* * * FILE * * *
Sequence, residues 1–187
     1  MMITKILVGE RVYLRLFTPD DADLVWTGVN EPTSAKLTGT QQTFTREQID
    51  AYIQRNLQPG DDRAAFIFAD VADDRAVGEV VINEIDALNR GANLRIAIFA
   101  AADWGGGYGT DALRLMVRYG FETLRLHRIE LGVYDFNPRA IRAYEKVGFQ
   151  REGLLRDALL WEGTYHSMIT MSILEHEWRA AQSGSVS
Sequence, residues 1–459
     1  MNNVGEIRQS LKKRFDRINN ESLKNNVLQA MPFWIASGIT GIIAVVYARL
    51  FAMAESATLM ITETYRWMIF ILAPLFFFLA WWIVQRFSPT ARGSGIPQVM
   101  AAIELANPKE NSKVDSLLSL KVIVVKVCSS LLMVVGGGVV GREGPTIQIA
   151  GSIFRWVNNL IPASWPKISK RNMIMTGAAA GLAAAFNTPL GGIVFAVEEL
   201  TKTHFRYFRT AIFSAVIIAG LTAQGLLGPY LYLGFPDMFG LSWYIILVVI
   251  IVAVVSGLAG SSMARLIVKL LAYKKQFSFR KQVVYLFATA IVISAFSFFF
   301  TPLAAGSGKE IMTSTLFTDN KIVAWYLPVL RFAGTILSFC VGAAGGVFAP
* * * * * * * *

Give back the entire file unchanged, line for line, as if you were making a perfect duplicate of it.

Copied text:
Sequence, residues 1–187
     1  MMITKILVGE RVYLRLFTPD DADLVWTGVN EPTSAKLTGT QQTFTREQID
    51  AYIQRNLQPG DDRAAFIFAD VADDRAVGEV VINEIDALNR GANLRIAIFA
   101  AADWGGGYGT DALRLMVRYG FETLRLHRIE LGVYDFNPRA IRAYEKVGFQ
   151  REGLLRDALL WEGTYHSMIT MSILEHEWRA AQSGSVS
Sequence, residues 1–459
     1  MNNVGEIRQS LKKRFDRINN ESLKNNVLQA MPFWIASGIT GIIAVVYARL
    51  FAMAESATLM ITETYRWMIF ILAPLFFFLA WWIVQRFSPT ARGSGIPQVM
   101  AAIELANPKE NSKVDSLLSL KVIVVKVCSS LLMVVGGGVV GREGPTIQIA
   151  GSIFRWVNNL IPASWPKISK RNMIMTGAAA GLAAAFNTPL GGIVFAVEEL
   201  TKTHFRYFRT AIFSAVIIAG LTAQGLLGPY LYLGFPDMFG LSWYIILVVI
   251  IVAVVSGLAG SSMARLIVKL LAYKKQFSFR KQVVYLFATA IVISAFSFFF
   301  TPLAAGSGKE IMTSTLFTDN KIVAWYLPVL RFAGTILSFC VGAAGGVFAP